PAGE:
Arizona Gov. Ducey Open To Compensation For College Athletes — But Not Like In California
Gov. Doug Ducey said Friday that he's open to some form of compensation for college athletes — but nothing like the bill approved by California lawmakers.
But he conceded that Arizona may be forced to look at the issue to ensure that colleges here can continue to attract talent if the California measure becomes law — especially if there isn't a nationwide solution first.
The measure awaiting the signature of California Gov. Gavin Newsom would not allow colleges to pay athletes, a model that has been considered from time to time. Instead, it would allow students themselves to hire state-licensed agents who could get them contracts for endorsements and sponsorships.
On one hand, Ducey said these athletes do get a college education. "They're getting a full-ride scholarship,'' he said. "So that is compensation to a certain degree.''
Still, he acknowledged, that doesn't cover other costs. "I do have concern for students who can't get back and forth to where they grew up, and that their parents can't participate,'' the governor said.
And then there's the fact that colleges do financially benefit from revenues from sporting events. "I understand there is an incredible amount of money that's being generated by these athletes,'' he explained. "I do think there probably is an equitable, more equitable way to do it.''
Still, there's a limit to how far Ducey is willing to go beyond some additional dollars, saying such a measure raises difficult questions.
"How do you determine who is the superstar athlete versus the newcomer, and some of the inequities that make this sport so special, that make it college sports versus professional sports?'' he asked.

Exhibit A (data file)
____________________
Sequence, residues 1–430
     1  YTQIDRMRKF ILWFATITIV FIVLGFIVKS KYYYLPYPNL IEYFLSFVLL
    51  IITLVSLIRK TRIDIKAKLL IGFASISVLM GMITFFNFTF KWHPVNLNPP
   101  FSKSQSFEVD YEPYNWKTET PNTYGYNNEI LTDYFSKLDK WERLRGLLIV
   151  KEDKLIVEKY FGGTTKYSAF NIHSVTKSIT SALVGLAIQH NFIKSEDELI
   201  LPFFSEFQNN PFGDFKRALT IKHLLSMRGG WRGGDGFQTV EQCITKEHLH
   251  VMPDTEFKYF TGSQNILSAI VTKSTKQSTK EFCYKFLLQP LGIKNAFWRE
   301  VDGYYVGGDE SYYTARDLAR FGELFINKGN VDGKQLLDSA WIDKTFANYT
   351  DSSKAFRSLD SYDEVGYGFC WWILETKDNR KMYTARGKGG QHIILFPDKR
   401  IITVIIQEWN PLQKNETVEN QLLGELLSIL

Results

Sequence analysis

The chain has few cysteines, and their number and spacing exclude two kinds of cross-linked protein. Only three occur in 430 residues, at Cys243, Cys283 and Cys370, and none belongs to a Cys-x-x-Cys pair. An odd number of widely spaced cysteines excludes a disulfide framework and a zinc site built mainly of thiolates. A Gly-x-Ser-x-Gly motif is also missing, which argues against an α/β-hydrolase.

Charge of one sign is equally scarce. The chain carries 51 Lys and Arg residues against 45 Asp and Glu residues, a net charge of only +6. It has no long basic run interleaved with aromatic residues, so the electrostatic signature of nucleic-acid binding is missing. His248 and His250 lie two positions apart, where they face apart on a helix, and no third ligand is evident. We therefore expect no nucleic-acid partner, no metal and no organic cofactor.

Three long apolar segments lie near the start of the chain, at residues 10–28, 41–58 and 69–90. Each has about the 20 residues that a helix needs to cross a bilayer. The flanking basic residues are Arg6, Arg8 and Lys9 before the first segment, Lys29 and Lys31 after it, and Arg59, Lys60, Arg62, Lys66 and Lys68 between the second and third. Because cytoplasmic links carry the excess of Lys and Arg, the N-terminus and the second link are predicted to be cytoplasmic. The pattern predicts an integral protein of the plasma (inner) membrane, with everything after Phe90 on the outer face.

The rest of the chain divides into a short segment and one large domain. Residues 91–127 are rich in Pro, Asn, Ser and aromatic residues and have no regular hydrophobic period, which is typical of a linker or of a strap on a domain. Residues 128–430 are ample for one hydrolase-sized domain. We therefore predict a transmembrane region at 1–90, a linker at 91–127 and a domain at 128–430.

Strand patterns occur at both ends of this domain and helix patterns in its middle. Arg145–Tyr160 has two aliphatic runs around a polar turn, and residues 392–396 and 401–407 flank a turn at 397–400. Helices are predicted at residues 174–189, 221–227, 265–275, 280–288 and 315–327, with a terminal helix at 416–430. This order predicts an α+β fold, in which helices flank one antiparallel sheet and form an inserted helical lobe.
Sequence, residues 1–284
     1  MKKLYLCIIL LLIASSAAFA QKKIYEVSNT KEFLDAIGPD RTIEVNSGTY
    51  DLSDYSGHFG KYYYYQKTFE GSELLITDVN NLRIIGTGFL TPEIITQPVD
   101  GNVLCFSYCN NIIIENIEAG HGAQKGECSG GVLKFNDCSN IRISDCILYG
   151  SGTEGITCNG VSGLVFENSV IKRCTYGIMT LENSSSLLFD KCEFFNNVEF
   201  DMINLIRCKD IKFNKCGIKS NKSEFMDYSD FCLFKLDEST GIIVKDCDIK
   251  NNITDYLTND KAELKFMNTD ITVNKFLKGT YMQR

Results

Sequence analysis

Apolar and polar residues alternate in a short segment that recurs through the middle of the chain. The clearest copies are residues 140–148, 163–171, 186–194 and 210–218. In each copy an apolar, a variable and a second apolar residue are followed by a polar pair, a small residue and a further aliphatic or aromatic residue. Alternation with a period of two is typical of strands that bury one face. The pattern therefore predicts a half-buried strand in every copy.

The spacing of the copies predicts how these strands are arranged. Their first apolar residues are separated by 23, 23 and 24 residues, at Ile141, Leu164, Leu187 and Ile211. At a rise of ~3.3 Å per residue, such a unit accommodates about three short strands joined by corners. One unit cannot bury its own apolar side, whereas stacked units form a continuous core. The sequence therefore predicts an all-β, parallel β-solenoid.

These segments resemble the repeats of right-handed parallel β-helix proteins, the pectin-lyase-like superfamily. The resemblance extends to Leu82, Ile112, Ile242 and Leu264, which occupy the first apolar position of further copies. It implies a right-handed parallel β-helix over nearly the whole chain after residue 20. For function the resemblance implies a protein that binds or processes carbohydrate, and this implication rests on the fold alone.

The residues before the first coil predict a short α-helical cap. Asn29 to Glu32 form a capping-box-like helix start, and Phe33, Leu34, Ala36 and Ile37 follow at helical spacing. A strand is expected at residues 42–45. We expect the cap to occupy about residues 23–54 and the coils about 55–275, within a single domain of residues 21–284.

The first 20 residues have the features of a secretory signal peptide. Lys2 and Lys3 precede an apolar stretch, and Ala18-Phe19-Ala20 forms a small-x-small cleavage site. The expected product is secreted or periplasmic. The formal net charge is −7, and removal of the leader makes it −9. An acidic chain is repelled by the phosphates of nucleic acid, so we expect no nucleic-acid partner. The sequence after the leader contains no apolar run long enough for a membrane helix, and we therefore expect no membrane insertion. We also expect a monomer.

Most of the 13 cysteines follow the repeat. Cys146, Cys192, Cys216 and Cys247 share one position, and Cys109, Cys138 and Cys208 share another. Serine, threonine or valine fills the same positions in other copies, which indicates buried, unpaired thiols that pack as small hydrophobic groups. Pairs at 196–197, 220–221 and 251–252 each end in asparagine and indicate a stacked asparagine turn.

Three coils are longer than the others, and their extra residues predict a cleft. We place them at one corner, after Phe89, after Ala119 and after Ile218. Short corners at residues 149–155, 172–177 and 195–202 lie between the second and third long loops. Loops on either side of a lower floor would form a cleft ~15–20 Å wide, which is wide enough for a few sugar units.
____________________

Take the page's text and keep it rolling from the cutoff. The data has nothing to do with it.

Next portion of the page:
The measure sitting on Newsom's desk would bar California educational institutions from keeping students from participating in intercollegiate athletics solely because of that person being paid for the use of his or her name, image or likeness. It also says such earnings "shall not affect the student's scholarship eligibility.''
More to the point, it seeks to prohibit the NCAA and any other athletic association or conference from keeping a student or that student's college from participating in intercollegiate athletics.
The measure has drawn predictable criticism from the NCAA which, in a letter to Newsom, said the measure would be both "unconstitutional'' and "harmful.'' Key, the letter says, is it "gives those schools an unfair recruiting advantage'' over colleges elsewhere where students would not be able to earn outside cash.
That economic advantage is of concern to Ducey. "Of course, Arizona will want to remain competitive,'' he said. One solution, the governor said, would be to have this addressed at a national level rather than "allowing a governor to put his state in a position where it leaves other states noncompetitive.''
Ducey said that could be handled by the NCAA.
That organization already has formed a committee to consider rules regarding compensation for athletes for use of their name, image and likeness. That panel is supposed to report its findings with NCAA's board of governors next month.
The California legislation has an escape clause of sorts: It does not take effect until 2023, giving lawmakers a chance to review what the NCAA eventually enacts.
California state Sen. Nancy Skinner, D-Berkeley, the author of the bill, said in a statement she is unconcerned about the NCAA's claim of unconstitutionality and a possible legal challenge. She said that any ban of California colleges from competition would be "a clear violation of federal anti-trust law.''
Ducey on Friday stressed that he's not closing the door on the concept that athletes should share in the financial benefits of intercollegiate sports. "I did say that there's an equitable way to do this,'' he said.
The key, Ducey said, is finding that balance. "There probably is a better way in terms of handling these revenues,'' the governor explained. "But I think it should be thoughtful because we don't want to lose the specialness of something that's uniquely American in terms of college athletics.''
There already are some exceptions to NCAA rules prohibiting students from getting more than free tuition, room and board.
Tennis players can receive up to $10,000 a year in prize money before or during college from the sponsor of the event. And athletes can get expenses paid by the U.S. Olympic Committee for training, coaching, equipment, insurance, travel and room and board.